Outcomes of open and endovascular lower extremity revascularization in active smokers with advanced peripheral arterial disease

    loading  Checking for direct PDF access through Ovid

Abstract

Objective:

Concern over perioperative and long-term durability of lower extremity revascularizations among active smokers is a frequent deterrent for vascular surgeons to perform elective lower extremity revascularization. In this study, we examined perioperative outcomes of lower extremity endovascular (LEE) revascularization and open lower extremity bypass (LEB) in active smokers with intermittent claudication (IC) and critical limb ischemia (CLI).

Methods:

Active smokers undergoing LEE or LEB from 2011 to 2014 were identified in the American College of Surgeons (ACS) National Surgical Quality Improvement Program (NSQIP) targeted vascular data set. Patient demographics, comorbidities, anatomic features, and perioperative outcomes were compared between LEE and LEB procedures. Subgroup analysis was performed for patients undergoing revascularization for IC and CLI independently.

Results:

From 2011 to 2014, 4706 lower extremity revascularizations were performed in active smokers (37% of all revascularizations). In this group, 1497 were LEE (55.6% for CLI, 13.4% for below-knee pathology) and 3209 were LEB (68.9% CLI, 34.7% below-knee). Patients undergoing LEE had higher rates of female gender, hypertension, end-stage renal disease, and diabetes (all P ≤ .02). LEE patients also had a higher frequency of prior percutaneous interventions (22.7% vs 17.2%; P < .01) and preoperative antiplatelet therapy (82.3% vs 78.7%; P = .02). On risk-adjusted multivariate analysis, LEE patients had higher need for reintervention on the treated arterial segment than LEB (5.1% vs 5.2%; odds ratio [OR], 1.52; 95% confidence interval [CI], 1.08-2.13; P = .02) but had lower wound complications (3.1% vs 13.2%; OR, 0.32; 95% CI, 0.23-0.45; P < .01) and no statistically significant difference in 30-day mortality (0.6% vs 0.9%), myocardial infarction or stroke (1.1% vs 2.6%), or major amputation (3.2% vs 2.1%) in the overall cohort of active smokers. In the IC subgroup, myocardial infarction or stroke was significantly higher in the LEB group (1.9% vs 0.6%; OR, 1.83; 95% CI, 1.17-1.97; P = .03), although no difference was found in the CLI subgroup (2.8% vs 1.4%; OR, 0.75; 95% CI, 0.37-1.52; P = .42,). Also in IC group, there was a trend for lower major amputation rates ≤30 days in the LEE group, whereas in the CLI group, LEE had a trend toward higher risk of early amputation compared with LEB.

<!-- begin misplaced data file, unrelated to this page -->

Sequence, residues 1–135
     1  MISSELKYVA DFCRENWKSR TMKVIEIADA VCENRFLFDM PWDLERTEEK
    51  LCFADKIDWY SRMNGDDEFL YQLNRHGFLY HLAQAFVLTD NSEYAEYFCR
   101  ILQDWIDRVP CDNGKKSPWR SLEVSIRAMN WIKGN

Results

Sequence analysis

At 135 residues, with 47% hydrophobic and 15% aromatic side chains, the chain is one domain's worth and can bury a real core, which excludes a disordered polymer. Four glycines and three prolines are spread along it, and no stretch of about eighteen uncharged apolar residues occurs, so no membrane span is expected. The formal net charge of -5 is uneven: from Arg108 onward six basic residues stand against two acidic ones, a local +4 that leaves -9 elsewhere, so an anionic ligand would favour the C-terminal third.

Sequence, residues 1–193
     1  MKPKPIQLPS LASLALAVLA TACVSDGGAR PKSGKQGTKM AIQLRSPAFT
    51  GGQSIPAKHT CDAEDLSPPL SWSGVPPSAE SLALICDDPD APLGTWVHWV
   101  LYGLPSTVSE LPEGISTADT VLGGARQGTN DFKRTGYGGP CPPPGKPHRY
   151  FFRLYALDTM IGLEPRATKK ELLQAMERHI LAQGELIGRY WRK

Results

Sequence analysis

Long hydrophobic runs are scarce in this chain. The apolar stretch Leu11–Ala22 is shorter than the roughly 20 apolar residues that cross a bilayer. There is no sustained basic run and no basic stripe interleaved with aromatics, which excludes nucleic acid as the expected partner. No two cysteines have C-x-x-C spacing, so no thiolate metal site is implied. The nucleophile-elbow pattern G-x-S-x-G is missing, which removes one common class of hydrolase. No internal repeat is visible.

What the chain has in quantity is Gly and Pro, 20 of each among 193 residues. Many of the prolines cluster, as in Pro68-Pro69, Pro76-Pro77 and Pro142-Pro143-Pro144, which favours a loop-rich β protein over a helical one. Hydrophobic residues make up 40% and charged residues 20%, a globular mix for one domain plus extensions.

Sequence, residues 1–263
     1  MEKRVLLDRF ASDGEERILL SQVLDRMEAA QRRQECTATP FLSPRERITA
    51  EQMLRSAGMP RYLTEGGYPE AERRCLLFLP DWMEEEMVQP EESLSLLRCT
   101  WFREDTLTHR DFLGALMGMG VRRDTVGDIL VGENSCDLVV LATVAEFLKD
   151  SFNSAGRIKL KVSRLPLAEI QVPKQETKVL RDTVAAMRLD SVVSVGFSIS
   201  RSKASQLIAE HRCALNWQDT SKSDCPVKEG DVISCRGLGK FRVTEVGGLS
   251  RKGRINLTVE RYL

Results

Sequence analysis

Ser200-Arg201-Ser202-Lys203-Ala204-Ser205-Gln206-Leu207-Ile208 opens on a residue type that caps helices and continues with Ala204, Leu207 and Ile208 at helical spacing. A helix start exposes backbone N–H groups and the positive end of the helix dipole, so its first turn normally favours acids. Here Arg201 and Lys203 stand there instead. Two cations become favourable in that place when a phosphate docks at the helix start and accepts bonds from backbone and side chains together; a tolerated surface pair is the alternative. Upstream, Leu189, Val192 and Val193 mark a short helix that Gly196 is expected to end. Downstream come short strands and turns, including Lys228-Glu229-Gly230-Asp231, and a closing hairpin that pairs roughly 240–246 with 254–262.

Conclusions:

In active smokers, LEB for IC and CLI requires fewer reinterventions but is associated with a higher rate of postoperative wound complications compared with LEE revascularization. However, the risk for limb amputation is higher in actively smoking patients when treated by LEE compared with LEB for CLI. Importantly, cardiovascular complications are significantly higher in actively smoking patients with IC undergoing LEB compared with LEE. This additional cardiovascular risk should be carefully weighed when proposing LEB for actively smoking patients with nonlimb-threatening IC.

Related Topics

    loading  Loading Related Articles